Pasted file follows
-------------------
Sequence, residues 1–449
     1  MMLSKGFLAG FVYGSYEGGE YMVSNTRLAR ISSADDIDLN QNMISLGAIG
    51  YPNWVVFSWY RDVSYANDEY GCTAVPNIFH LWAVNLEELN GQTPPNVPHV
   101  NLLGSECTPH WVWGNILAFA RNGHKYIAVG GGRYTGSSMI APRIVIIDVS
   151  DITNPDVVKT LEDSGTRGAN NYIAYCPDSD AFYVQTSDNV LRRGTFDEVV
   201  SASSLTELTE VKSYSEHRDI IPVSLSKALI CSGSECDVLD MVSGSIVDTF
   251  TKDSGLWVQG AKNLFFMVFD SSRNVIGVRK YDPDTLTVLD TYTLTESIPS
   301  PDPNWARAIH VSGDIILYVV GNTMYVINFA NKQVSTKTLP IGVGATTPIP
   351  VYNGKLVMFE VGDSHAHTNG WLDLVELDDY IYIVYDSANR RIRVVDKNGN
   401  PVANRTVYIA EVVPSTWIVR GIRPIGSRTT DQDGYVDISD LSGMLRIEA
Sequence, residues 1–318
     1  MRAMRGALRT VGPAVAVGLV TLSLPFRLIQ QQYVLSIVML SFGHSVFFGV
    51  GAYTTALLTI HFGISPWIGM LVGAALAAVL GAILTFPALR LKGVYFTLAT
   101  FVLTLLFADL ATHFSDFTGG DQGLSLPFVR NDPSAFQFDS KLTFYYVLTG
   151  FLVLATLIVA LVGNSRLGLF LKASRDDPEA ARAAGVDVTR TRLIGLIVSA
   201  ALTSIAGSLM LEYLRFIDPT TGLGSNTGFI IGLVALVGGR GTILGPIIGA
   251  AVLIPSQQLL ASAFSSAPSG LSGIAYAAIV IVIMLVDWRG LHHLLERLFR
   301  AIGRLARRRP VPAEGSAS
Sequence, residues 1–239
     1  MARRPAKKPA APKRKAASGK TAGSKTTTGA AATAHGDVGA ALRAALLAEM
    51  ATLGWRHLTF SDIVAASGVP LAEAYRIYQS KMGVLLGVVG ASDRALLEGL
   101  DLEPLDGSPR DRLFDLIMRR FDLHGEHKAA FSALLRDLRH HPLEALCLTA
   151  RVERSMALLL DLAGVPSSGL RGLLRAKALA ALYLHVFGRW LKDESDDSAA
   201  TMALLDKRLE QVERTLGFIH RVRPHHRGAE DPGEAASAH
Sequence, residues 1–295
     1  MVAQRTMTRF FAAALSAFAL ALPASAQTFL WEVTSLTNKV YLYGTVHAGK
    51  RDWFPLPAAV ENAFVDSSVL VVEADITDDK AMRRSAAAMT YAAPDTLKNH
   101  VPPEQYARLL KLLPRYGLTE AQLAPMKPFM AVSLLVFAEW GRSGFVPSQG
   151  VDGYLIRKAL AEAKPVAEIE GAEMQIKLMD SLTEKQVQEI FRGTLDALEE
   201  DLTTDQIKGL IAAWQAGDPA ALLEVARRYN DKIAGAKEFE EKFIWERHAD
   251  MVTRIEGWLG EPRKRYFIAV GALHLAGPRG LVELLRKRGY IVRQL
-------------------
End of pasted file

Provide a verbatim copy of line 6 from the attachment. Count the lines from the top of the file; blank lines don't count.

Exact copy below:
   201  SASSLTELTE VKSYSEHRDI IPVSLSKALI CSGSECDVLD MVSGSIVDTF